The glory of the Slice of Life genre for games, sitcoms, and TV is the exclusion of a plot to allow more time for the characters, their relationships, and their emotions. It’s a testament to the writer’s credentials when you can keep an audience motivated to watch without a constant rise in tension and the proverbial exhale when the set conclusion sets in. Sometimes a week can be eventful in more ways than one, but that’s all you’re getting here.
I’m Oh, So Busy touches down on the life of Yoshimi Hertz, a young woman moving from the comfort of her hometown in Iowa to the bustling future of her new career in Boston. After a rather turbulent flight, a tired but excited Yoshimi gathers her belongings and heads to her new apartment. With a nice high-rise apartment to settle into, Yoshimi and her pet ferret Cinnamon Bun tackle a week of starting a new job, figuring out new social norms, and generally just trying to make it in a new chapter of her hectic life.
Yoshimi fills her time getting acclimated to the new area: signing up (and dealing with the below-average male interaction) to social apps that may or may not rhyme with “Hinder”, trying out the new gym, making cupcakes for a needed sugar rush. She’ll take time to hang out with Cinnamon Bun, supply you with multiple quotes from multiple authors, and reminiscence about past times that pull double duty to humanize Yoshimi and beef up the word count. IOSB‘s intended dark humor seeps through during her off-time, where it feels like Yoshimi garners an almost cursed amount of bad luck. This can lead to some overused self-depreciation and bickering which can linger for a bit longer than you’ll enjoy it.
What’s most interesting is the profession that Yoshimi spends on her day-to-day: a telecommunicator for troubled individuals struggling with mental issues stemming from financial ruin, past trauma, and others. It’s a topic not seen many times, if at all, in visual novels where the protagonist is the common hope for troubled strangers in a non-dating fashion, especially so in the office environment format.
These conversations span over multiple days, getting calls from people in need and seeing how Yoshimi’s words help their current situation. Each caller is fully voiced to help follow along with the emotions tethered to each person, and while some conversations do carry that dark humor detailed throughout the game, some are just uncomfortable to run through. But that’s the harsh reality of some folks: that some people have it much worse than others and need a helping hand at times of need, regardless who it’s from. It’s a bold step to even tackle mental stigmas this way, and Berry Guild does well to carefully mix humor and seriousness together so Yoshimi doesn’t come off as unintentionally cumbrous.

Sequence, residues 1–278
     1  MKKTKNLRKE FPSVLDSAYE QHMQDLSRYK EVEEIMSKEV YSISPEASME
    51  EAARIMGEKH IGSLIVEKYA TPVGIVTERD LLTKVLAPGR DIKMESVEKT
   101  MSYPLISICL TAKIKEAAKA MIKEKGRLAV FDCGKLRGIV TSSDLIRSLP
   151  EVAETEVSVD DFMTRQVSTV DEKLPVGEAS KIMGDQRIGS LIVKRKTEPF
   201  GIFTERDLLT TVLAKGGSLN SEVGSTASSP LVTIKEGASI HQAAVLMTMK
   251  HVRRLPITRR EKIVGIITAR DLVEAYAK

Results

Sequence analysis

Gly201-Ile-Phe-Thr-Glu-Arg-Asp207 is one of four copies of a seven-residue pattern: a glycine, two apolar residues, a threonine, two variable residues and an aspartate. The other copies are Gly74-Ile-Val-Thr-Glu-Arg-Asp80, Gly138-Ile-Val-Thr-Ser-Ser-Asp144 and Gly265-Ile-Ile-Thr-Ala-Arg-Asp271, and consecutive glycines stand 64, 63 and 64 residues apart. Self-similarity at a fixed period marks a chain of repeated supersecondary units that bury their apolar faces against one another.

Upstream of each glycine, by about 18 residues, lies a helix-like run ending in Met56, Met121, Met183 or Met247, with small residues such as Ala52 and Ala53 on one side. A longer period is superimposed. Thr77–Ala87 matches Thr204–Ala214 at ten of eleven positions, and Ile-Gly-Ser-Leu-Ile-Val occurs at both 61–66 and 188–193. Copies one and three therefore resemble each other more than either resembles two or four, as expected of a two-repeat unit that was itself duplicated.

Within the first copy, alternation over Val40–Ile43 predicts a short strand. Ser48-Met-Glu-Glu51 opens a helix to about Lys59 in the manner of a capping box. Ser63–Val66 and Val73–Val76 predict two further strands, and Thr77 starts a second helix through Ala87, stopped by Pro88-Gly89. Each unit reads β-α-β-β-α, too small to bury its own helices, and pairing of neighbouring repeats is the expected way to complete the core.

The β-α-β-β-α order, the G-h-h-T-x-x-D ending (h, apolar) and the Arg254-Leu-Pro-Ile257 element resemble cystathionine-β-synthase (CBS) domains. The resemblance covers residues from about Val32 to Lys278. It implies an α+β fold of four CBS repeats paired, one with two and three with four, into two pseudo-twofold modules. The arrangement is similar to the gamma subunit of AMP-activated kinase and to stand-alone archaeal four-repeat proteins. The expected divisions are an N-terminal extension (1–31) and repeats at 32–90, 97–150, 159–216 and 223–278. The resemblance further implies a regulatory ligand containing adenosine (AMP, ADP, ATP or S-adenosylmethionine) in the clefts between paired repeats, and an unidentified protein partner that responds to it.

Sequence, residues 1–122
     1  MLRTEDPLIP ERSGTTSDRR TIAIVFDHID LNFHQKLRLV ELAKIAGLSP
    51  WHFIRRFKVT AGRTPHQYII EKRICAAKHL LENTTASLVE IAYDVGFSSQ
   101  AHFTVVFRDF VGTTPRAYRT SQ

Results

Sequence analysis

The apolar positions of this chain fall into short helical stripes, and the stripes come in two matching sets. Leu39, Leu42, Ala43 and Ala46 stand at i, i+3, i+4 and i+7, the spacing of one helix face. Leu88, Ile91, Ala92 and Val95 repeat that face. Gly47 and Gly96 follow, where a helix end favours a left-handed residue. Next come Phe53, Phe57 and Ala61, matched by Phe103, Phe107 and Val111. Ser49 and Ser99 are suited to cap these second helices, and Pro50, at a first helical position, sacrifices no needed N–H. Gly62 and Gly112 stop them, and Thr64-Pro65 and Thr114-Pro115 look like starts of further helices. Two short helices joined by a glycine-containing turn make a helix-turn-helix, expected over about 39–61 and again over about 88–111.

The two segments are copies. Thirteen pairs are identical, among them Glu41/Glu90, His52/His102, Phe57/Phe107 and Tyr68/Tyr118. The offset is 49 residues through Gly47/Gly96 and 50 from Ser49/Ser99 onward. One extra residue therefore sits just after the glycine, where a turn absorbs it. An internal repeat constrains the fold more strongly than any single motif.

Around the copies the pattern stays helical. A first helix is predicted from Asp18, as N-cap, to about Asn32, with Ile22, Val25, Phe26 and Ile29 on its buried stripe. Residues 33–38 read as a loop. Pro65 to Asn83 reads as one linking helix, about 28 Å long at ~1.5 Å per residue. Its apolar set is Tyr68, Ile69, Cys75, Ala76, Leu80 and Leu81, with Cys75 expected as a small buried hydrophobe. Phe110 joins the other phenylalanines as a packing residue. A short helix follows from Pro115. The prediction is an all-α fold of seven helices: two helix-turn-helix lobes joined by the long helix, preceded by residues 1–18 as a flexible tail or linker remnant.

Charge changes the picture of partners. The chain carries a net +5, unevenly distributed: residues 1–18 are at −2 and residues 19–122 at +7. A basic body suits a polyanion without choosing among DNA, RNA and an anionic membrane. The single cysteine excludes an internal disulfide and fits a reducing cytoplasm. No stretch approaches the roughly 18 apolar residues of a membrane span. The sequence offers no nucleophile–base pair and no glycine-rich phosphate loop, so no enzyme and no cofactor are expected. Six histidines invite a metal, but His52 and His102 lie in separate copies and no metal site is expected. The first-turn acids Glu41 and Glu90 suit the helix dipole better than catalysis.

IOSB accompanies Yoshimi’s daily life with a hodge-podge of lo-fi instrumentals that carry a nice tune throughout the story. I definitely enjoy the lo-fi genre so I have no complaints with a nice soundtrack to guide me through a VN, but the upbeat and bass-thumping tracks felt a little done-teaf with some of the later calls at Yoshimi’s office and some other serious scenes, and could’ve used a softer touch to mesh in with those moments.
Yoshimi is characterized to be clumsy and ill-fated and IOSB reluctantly follows in stride. While Yoshimi’s callers are fully voiced, she herself will chime in with little phrases or noises to accentuate her dialogue. These range from mild-mannered and humorous to downright obnoxious at times, with the former outweighing the latter. The menu tabs, which can be bright to the point of not being able to see text, have certain places where they can break the game when interacted with in a specific manner. For example, when accessing the options, the New Game button is still usable and will start a fresh game while your current game’s screen is still up. The ending is a tinge confusing with new things being shown that were never alluded to right at the end, and makes me wonder if I missed a path or flag that would’ve explained things further, but seeing as this is seemingly set up as a single path Visual Novel with no choice screens throughout the title I don’t think I did.
But do I feel like I wasted my 3 hours? Not really. I’m Oh, So Busy‘s execution is sloppy and some choices made may not have panned out in The Berry Guild’s favor, but it’s a lot like Yoshimi’s journey to Boston and to her new independent future: rough around the edges, obnoxious to a fault, but ultimately worth the effort to see what the future has to offer.
Reviewed on Steam.